The Tell-Tale-Heart is a short story by Edgar Allan Poe was first published 1843. It is a story, which focuses on a murder most foul, which was committed by the narrator against an old defenseless man on claims that he had a “vulture eye” or an evil eye in simple terms. This is an indication of the presence of disparities between illusion and reality as the narrator who is the murderer, confesses to the murder of the old man on an illusion that he and the officers can hear the heart beat of the old man who is buried under the floorboards. Thus, his guilt over the heinous act of killing the old man catches up with him as he confesses and finds it impossible to concentrate (Poe 7). This story emphasizes the need to exercise care and compassion, words those in society who are challenged either physically, mentally and those in frail health; thus as a society we are responsible for the care of those who are entrusted upon us for care.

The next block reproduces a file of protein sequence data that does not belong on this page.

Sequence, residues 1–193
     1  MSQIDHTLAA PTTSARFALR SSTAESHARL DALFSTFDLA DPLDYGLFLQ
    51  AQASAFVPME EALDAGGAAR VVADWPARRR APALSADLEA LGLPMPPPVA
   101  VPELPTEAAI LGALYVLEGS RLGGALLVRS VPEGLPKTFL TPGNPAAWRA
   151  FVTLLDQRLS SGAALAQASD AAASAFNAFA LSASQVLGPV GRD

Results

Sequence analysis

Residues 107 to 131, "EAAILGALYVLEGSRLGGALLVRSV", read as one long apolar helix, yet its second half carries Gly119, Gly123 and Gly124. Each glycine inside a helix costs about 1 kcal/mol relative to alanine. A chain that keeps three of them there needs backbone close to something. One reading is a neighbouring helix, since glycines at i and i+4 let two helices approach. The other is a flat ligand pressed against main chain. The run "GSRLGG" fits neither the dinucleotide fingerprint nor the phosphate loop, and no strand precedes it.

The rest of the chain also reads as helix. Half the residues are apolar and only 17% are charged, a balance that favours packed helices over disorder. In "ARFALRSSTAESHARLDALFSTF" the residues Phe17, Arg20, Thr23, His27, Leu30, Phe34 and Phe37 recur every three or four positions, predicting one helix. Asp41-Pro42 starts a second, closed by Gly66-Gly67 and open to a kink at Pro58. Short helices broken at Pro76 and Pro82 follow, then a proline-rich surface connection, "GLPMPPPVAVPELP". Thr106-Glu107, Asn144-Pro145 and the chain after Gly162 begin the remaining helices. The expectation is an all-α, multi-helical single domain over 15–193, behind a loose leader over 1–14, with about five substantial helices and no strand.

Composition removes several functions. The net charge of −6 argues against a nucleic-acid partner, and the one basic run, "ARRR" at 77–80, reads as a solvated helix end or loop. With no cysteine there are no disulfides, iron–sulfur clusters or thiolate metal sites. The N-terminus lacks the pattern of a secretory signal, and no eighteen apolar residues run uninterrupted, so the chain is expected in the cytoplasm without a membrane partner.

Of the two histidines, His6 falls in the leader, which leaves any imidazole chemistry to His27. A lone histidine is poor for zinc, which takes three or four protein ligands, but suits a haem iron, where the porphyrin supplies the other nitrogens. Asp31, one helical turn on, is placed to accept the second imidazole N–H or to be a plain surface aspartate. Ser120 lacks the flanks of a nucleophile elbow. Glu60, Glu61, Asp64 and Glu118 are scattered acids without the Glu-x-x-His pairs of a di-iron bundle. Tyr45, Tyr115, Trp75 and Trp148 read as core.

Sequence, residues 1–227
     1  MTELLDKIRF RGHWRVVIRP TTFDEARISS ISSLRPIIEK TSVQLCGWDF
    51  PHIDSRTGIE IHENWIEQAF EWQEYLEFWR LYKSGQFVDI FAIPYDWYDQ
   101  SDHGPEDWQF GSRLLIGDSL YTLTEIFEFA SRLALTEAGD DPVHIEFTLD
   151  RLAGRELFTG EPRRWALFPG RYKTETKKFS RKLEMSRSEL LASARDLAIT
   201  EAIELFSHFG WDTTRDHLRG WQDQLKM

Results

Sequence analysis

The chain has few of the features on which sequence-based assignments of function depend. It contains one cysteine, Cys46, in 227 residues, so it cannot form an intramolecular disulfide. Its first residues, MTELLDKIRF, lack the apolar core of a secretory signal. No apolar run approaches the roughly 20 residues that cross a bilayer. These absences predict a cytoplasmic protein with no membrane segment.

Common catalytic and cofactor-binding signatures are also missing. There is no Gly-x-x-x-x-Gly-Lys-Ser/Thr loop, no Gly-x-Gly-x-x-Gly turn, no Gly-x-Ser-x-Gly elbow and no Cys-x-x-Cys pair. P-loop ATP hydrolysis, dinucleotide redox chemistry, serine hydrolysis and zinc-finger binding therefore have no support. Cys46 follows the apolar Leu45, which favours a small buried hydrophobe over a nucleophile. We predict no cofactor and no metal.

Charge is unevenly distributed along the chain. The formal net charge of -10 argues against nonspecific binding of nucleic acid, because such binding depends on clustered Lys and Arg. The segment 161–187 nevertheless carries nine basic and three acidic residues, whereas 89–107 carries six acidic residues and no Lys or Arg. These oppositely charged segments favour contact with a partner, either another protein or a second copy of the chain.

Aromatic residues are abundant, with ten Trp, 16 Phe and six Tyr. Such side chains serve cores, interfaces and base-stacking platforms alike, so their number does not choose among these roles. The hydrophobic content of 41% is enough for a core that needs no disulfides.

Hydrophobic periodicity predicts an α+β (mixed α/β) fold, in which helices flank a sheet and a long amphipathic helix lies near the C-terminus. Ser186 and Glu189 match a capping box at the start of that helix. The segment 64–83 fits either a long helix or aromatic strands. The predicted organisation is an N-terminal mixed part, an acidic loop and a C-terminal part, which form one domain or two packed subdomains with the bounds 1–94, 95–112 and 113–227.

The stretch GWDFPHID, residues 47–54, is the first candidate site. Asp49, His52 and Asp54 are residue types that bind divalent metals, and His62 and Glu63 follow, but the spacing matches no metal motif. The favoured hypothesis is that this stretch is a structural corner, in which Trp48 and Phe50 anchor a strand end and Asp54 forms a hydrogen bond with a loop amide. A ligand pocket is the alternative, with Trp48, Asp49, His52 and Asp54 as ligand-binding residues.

In conclusion, the story is a moral story, which captures the thinking of how society treats people who are considered frail either in health, finances, disabled or challenged. From such a perspective, the audiences’ minds are provoked to divulge into thinking from a real perspective and to dwell not on illusions and mere dreaming. The narrator’s thinking got him into trouble and made him commit heinous acts against a man who had entrusted his wealth and care and upon him. Hence, the book tries to instill good moral character on those caring for others to avoid the paths of seeking self-gratification at the cost of others. In essence, it is all about consideration, and compassion towards those we care for and those who care for us and no taking advantage of their conditions or inabilities (Howarth 33).